It’s that heart wrenching moment and panic that we all want to avoid as either developers or consultants when you realise your development approval has lapsed. That panic really sets in when it occurs to you that you never lodged an extension application (usually with the Council) before the development approval lapsed.
As most of us who practice in the development space know, there is an option available to breathe life back into your development approval if this is the case. That option is seeking appropriate orders from the Planning and Environment Court.
The Court has a wide discretion to excuse any non-compliance with the Planning Act 2016. This discretion is applicable to a failure to make an extension application to the assessment manager to extend the currency period of the development approval before the development approval lapsed.
As the Court’s power to excuse such a non-compliance is discretionary in nature, a number of factors will be taken into account when considering whether it is appropriate to grant the relief sought (being the revival of the lapsed development approval).
In our experience in previous Planning and Environment Court applications, the Court will usually take into account the following matters when deciding whether it is appropriate to make orders excusing the non-compliance to lodge an extension application:
- Level of support of the Council
- Whether there is a reasonable explanation for the lapsing of the development approval (such as change in ownership of the land and administrative oversight)
- Whether the applicant has acted promptly to remedy the situation
- Whether there is a desire and willingness by the applicant to actually implement the proposed development
- Prejudice to the applicant if forced to make a fresh development application
- Community awareness of the proposed development
- Steps taken to implement the proposed development (for example obtaining related approvals such as operational works and acting upon those approvals)
- Changes to the relevant planning controls since the development approval was given and consistency with the current planning controls relevant to the subject land
- Whether any town planning purpose would be served in requiring the applicant to make a new development application
The above list is not exhaustive and there may be many other factors that will be relevant to the lapsing of a development approval. As the Court has said previously on many occasions, each case will turn on its own facts and circumstances.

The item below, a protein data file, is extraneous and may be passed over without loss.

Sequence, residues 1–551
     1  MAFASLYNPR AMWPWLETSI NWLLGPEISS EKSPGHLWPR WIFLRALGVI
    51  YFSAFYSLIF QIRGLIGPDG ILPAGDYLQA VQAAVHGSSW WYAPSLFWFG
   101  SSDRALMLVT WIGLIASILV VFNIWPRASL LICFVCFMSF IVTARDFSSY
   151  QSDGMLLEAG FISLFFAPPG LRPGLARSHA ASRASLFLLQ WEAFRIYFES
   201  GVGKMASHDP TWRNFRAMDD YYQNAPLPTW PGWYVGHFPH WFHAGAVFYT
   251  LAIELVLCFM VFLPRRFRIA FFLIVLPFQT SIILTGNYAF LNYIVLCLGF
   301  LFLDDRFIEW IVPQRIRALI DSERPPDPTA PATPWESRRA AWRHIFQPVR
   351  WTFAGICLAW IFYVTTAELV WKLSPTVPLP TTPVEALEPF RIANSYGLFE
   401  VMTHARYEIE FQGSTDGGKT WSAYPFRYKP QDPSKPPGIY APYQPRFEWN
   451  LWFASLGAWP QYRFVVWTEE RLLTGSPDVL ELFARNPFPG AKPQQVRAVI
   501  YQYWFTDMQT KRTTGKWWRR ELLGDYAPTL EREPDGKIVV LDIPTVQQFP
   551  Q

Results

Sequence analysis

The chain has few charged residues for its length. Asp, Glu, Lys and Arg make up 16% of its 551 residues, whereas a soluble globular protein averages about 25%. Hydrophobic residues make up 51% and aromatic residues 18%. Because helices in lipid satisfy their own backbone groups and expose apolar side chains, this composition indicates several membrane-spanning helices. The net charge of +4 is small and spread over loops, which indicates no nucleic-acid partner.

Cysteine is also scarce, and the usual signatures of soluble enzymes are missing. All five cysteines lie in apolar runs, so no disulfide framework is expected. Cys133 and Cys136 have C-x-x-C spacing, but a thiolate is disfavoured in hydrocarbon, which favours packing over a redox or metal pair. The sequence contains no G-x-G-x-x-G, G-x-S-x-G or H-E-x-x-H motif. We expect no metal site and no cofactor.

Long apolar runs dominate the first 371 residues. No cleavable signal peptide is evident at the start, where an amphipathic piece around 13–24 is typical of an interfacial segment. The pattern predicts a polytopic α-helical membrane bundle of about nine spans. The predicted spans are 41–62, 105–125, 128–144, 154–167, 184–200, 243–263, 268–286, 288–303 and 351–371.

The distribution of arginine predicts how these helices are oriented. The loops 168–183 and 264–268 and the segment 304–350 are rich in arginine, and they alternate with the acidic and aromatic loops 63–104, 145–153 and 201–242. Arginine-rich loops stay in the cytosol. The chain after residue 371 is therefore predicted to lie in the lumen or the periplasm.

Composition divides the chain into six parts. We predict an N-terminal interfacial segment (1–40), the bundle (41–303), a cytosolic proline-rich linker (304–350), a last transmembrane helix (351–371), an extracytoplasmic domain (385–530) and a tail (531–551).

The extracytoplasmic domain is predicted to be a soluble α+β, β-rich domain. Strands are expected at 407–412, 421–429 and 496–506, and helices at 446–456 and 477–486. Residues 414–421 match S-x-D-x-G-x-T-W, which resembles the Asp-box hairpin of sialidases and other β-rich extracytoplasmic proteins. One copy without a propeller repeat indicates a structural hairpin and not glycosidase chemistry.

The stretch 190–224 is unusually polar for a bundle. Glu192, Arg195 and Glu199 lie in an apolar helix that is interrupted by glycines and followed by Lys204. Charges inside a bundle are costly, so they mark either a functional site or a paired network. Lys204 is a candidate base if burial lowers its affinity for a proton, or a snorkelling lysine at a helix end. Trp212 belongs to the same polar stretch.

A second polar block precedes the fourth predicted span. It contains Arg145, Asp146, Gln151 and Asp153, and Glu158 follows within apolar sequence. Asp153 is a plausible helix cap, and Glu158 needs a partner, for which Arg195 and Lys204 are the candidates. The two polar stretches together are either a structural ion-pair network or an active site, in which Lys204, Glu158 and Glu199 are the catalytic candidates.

The application made to the Court must be supported by comprehensive affidavit material, which will form the evidence the Court will consider when deciding the application.
Evidence will usually be required from the owner of the land, the applicant (if different to the owner of the land) and the consultant (usually the town planner). Evidence may also be required from other consultants, depending on the nature of the proposed development and any changes to the relevant planning controls since the development approval was given. To be successful in these types of applications, it is critical that there is sufficient evidence to support the application, otherwise the Court may be minded to refuse to grant the relief sought.
It’s not the end of the road if your development approval has lapsed. You do have options available. If you have found yourself in this situation, please reach out to us to discuss the prospects of successfully seeking orders from the Court to breathe some life back into your development approval to allow your development to proceed as intended, with our specialist Planning and Environment Lawyer, Sarah Day, at [email protected] or phone 3439 8880.
Need more information or want to book in a time to talk with one of our experts? Just fill in the form below and we'll get back to you.
NDAs and Contamination
Amendments to the Queensland Planning Regulation provides more housing options in lower density residential zones
Businesses that we have helped
Here's a small selection of businesses we've helped achieve great outcomes.